Today, the femtosecond laser is no longer in the school laboratory. Instead, there are a total of more than 20 different stations with small, illustrative experiments of varying degrees of difficulty, from photonics to quantum physics. A popular classic is the experiment on the transmission of information via light. "The students have to precisely align a laser beam so that a loudspeaker plays music. In this way, the principle of the CD player or the transmission of information in the fibre optic cable becomes clear."

Thanks to the subject matter, the good pedagogical preparation and the appealing equipment, the PhotonLab quickly gained popularity. In the first year, about 250 pupils visited it, in 2019 already a good 2,000. Then came Corona, and kicked-off a rethinking process for Stähler-Schöpf. On the one hand, because a certain routine in the PhotonLab had set in, and on the other, because the number of visits could not be increased infinitely: "We can only reach a limited number of people with one school laboratory," says Stähler-Schöpf: "With digital offers, much more is possible.”

Interactive preparation for the visit to PhotonLab

This is how the idea for interactive books came about. They can be integrated into physics lessons and are thus a supplement to the usual teaching material. With the help of various formats – such as videos or podcasts – entire classes at school can familiarise themselves digitally with the experiments offered in the Photon Lab. Silent videos are particularly popular: They show the course of an experiment without sound. "The pupils are then supposed to speak the soundtrack to it," says Silke Stähler-Schöpf: "For that, they must already have understood the experiment well." In addition, there are research questions in the books that can be answered during real experiments on site. So the young people come to the PhotonLab well prepared and are motivated.

Such ideas are definitely worthy of a prize: the interactive book on the topic of the "Interferometer" was awarded the LeLa Prize "Schülerlabor digital" by LernortLabor in 2021. The next LeLa prize for 2022 is already lined up: This time for the "Experiment of the Year", which honours the quantum random number generator. It was developed by Linda Querini, a student trainee who worked at PhotonLab for many years and has now left for her doctorate at LMU Munich.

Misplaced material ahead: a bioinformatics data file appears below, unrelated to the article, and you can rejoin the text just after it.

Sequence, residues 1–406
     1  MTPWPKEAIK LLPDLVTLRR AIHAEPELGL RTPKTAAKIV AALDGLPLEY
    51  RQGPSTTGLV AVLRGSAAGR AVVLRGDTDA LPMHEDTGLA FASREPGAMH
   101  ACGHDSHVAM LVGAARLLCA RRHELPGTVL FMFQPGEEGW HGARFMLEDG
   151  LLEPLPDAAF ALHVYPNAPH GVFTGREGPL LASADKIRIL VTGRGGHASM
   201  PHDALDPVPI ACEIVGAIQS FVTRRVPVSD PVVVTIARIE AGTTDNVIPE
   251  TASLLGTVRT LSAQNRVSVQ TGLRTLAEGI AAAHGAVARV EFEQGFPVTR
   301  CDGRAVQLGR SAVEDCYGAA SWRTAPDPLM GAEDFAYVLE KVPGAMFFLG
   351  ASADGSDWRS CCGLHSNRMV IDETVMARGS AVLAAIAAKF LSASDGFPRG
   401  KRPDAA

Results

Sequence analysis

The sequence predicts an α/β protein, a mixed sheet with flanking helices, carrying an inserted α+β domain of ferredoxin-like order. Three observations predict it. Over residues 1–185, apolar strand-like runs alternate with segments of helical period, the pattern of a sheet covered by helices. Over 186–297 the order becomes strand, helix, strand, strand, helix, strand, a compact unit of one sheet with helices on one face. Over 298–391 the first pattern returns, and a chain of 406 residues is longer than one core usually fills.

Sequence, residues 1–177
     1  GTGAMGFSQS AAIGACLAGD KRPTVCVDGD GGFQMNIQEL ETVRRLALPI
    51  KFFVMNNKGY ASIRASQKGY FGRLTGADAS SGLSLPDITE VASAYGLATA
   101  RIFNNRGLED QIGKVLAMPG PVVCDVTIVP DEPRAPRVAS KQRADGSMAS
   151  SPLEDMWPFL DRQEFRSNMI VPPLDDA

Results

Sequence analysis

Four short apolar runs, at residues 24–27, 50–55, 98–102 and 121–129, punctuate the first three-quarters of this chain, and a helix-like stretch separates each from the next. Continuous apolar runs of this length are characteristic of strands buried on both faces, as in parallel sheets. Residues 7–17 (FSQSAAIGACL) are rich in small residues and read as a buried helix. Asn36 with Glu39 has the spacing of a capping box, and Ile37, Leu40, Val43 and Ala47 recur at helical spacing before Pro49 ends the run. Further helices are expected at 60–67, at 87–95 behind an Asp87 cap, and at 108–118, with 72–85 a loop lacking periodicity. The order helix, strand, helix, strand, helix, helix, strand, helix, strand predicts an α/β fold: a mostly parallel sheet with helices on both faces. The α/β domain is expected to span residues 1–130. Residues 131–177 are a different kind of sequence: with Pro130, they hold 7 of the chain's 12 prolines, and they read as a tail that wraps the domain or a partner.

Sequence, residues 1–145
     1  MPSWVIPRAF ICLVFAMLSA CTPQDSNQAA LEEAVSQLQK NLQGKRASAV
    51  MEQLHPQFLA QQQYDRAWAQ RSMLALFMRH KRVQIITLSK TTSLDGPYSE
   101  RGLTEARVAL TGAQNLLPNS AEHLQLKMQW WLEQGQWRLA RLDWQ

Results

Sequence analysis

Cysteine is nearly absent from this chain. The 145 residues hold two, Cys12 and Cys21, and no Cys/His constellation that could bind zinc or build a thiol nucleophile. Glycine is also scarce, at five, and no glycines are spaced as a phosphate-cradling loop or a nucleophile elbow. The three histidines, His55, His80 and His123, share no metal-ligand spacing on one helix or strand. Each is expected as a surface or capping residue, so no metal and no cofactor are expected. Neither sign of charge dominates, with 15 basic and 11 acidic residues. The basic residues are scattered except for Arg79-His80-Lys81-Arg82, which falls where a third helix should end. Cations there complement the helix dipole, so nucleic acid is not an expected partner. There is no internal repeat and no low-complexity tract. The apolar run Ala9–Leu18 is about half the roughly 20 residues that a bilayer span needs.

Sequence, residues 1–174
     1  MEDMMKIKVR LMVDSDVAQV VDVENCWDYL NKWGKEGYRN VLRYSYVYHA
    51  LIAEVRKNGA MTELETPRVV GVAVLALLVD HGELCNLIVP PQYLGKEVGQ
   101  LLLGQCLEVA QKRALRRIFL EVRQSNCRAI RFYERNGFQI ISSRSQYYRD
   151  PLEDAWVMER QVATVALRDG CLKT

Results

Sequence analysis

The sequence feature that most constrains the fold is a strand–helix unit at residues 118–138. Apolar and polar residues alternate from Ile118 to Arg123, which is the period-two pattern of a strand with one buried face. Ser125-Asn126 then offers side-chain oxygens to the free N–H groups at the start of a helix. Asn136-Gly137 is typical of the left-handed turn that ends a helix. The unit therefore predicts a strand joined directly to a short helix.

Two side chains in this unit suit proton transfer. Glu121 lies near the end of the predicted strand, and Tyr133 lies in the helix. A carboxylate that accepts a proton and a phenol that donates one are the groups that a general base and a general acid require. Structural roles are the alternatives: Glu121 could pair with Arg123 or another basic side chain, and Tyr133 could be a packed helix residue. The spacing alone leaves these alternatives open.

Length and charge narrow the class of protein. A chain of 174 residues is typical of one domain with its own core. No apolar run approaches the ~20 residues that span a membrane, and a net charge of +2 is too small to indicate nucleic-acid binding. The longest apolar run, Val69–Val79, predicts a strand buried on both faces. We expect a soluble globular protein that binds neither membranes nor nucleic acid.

A funny world in Alice’s Quantum Land

The pipeline for further awards is likely to be full, because original ideas are always being created at PhotonLab. For example, the audio play "Alice in Quantum Land": some time ago, Stähler-Schöpf was faced with the challenge of having to explain the quantum world to small children at the "Forscha" trade fair. She had the idea of presenting a funny world to her listeners. A world in which one is not only small or large. You are small in one part, but big in another. You have blue and brown eyes at the same time, you are equally fat and thin. "I started to spin a story out of it. A colleague came along and said we should make an audio play out of it." No sooner said than done. In the team – especially in collaboration with colleague and trained narrator Veit Ziegelmeier – the plot was quickly found: Alice doesn't end up in Wonderland - but in Quantum Land - thanks to her escaped rabbit that has nibbled on the wrong mushroom.

Altogether the entire team: "The working students give me an incredible amount of energy," says Stähler-Schöpf: "They're all super motivated – it is simply contagious.” Stähler-Schöpf, a bundle of energy, also needs such a tailwind: "Normally I get my balance by cycling in nature," she says: "But some weeks are very packed. When I'm on the road at the weekend for physics competitions for which we prepare interested students, or on Saturdays for the student lab day, there's hardly any time left for leisure activities." That makes the good working atmosphere at PhotonLab all the more important.

Other Interesting Articles

Go to Editor View